Baz-I Time Travellers, Barrow Island Community Primary School
Working with the wider school community, Barrow Island Primary pupils will collect stories, information and images of the school to create a permanent heritage and history area in the school grounds.  The school and community will work with a local artist, and the children will speak to previous pupils and local businesses to record and learn from their school life memories to weave into the artwork.  The school will host a launch event and create an exhibition to share all the information collected through the project.

The Barrow Beat, Art Gene
Local Artist Matt Hassell will work with students from Furness College to make a short film about the Music Scene in Barrow.  The project group will speak to and record histories from local people who were either in a local band or part of the gig going culture at the time.  It will also seek to capture the music scene of Barrow today and look at how things have changed since the 1960s.  The film will be launched at an event, shared online and the project will be showcased in local media.

The heritage importance of stained glass windows for Churches, St Mary’s RC Church, Barrow
A member of the Church community will be trained up to undertake stained glass window repair, learning heritage skills, so that the windows at St Mary’s can be restored, celebrated and their heritage explored.  Pupils from the local school will visit the Church and work with an artist to learn more about the stained glass windows in the Church of Our Lady’s and create their own window as part of the project.

Speaking Up – Women, Politics and Public Discourse in Dalton 1933-39, Dalton Creatives
Dalton Creatives will explore the heritage of Women’s history through the creation of a radio play.  Inspiration will come from a scrapbook in their possession containing a wide range of cuttings covering many aspects of public life for women, for instance record of a local public speaking group Lonsdale Women’s Unionist Association.  Volunteers will be recruited to learn skills and undertake research on subjects within the scrapbook and digitise it.  The completed radio play will be broadcast on CanDo.FM and all project research and outputs will be available online.





#Barrowsheritage: Where it all began

If you are wondering what triggered the Heritage Lottery Fund (HLF) to pilot giving out micro grants gain some insight here. Read about the interesting work into heritage and communities from Esme Ward, Head of Learning and Engagement at the Whitworth Art Gallery and Manchester Museum, the University of Manchester.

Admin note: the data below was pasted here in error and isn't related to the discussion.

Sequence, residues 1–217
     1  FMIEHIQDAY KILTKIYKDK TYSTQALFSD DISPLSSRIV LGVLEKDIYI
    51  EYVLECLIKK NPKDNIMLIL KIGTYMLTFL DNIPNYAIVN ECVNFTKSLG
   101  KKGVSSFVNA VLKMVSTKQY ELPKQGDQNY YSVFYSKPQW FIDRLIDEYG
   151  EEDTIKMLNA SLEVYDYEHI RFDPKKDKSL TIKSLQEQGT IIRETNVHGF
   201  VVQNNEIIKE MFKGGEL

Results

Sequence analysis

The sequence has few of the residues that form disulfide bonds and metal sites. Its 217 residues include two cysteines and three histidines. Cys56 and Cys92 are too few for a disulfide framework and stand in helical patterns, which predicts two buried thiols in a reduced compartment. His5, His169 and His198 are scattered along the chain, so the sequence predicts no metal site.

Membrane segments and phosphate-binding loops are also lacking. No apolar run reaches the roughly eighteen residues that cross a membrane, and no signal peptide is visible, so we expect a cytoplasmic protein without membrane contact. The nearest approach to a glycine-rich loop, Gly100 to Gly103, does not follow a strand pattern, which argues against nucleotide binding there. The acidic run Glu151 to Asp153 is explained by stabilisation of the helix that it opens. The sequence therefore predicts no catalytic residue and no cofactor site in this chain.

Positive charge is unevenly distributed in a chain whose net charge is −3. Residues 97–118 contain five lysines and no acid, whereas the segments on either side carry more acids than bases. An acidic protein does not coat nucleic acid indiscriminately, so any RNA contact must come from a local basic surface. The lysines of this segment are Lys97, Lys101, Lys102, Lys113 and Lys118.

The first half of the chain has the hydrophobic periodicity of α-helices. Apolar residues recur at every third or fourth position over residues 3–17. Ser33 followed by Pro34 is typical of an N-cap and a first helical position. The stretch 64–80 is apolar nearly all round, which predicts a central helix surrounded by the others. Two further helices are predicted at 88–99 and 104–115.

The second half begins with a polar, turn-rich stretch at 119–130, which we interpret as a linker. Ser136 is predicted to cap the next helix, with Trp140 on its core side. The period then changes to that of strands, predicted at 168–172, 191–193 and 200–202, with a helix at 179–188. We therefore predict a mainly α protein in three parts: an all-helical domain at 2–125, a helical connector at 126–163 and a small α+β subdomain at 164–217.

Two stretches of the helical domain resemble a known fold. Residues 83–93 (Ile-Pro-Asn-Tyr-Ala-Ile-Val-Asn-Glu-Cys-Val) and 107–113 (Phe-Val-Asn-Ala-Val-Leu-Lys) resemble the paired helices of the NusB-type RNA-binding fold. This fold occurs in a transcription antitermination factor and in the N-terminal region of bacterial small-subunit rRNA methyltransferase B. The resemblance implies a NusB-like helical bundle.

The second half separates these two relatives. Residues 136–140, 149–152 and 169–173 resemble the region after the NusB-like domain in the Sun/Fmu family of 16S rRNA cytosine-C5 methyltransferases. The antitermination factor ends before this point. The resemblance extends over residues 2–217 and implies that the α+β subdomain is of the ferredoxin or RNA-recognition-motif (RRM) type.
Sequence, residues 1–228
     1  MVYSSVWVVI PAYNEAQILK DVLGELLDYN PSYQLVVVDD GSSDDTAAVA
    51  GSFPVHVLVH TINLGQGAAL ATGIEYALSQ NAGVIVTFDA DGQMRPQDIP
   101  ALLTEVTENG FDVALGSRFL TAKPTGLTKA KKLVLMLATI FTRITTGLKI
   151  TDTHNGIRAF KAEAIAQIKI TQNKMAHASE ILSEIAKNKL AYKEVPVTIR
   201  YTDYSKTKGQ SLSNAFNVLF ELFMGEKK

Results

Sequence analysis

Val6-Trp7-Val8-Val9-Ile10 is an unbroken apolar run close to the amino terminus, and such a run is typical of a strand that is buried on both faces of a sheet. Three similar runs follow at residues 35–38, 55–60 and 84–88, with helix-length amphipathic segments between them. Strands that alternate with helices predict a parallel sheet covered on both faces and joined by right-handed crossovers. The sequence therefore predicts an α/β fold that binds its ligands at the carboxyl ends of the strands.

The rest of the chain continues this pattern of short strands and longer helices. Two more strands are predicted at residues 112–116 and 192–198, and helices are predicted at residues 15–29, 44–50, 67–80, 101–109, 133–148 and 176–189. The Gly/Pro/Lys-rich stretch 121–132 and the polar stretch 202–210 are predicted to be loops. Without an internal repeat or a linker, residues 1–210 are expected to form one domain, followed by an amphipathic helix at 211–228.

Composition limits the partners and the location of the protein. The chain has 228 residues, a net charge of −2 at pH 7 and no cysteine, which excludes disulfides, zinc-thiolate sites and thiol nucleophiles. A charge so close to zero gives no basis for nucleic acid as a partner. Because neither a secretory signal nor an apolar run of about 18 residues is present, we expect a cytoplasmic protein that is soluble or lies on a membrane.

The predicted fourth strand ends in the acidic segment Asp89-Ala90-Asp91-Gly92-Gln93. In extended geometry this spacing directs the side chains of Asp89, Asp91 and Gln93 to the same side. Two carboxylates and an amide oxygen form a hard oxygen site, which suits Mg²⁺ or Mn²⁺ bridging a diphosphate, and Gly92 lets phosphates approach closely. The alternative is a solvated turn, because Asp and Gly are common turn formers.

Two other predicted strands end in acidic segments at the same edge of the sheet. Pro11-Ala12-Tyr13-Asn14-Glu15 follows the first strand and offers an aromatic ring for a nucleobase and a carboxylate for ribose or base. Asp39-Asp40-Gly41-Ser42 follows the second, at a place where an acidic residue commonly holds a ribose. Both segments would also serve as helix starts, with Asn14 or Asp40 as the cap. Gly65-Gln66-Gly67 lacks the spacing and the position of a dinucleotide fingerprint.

esme promenade copy.jpg
Esme Ward


A wonderful aspect of the Clore Leadership programme is their placement scheme in which a Fellow gets to experience working within a different cultural organisation. Last year HLF’s Strategy and Business Development team were pleased to have Esme Ward conduct her placement with them. During this time she undertook an inquiry to explore how HLF might change their funding approach to support communities to catalyse new heritage activity.

Esme, spent her time speaking to people and creating case studies from a range of sectors including people from Barrow-in-Furness who are leading change within the community. The findings have been fascinating and HLF have quickly acted upon them through implementing the micro grants pilot in Barrow.

The Story of Us: Key findings

The report entitled Story of us: Heritage and Communities was published last week. It seeks to identify strategic opportunities and new approaches to enable the HLF to engage with communities and their heritage as widely as possible.

The report showed how crucial heritage is to communities. She describes heritage as “the story of us” and explains how it builds communities sense of identity. This came through strongly in Barrow-in-Furness:

“In Barrow in Furness, all the community-based organisations I met spoke about how important a sense of heritage and identity was for their clients and the town and how engaging with heritage could encourage care, kindness, compassion and love” (Ward, 2018).

Three distinct themes emerged from the inquiry and Esme put forward three propositions for what HLF might do differently. These included:

  1. Be more relational: The report highlights the importance of HLF building relationships in order to be more inclusive.
  2. Focus on the local: Esme argues that that now is the time for new and ambitious thinking at HLF about ‘localism’ and place-based funding
  3. Find and support powerhouse people: “Powerhouse people”, are those who are leading change within communities and Esme explores how HLF might seek out and support these individuals more effectively.

What happened next?

Esme’s conversations around how HLF can be more relational showed that micro-grants could be a useful way forward and that small amounts of money can make a big difference to communities. Micro grants has been a topic that HLF have regularly discussed but with the evidence Esme presented we decided to take forward this proposition straight away and pilot micro-grants. Grants of £200 to £3,000 are being offered to support community projects investigating Barrow’s heritage.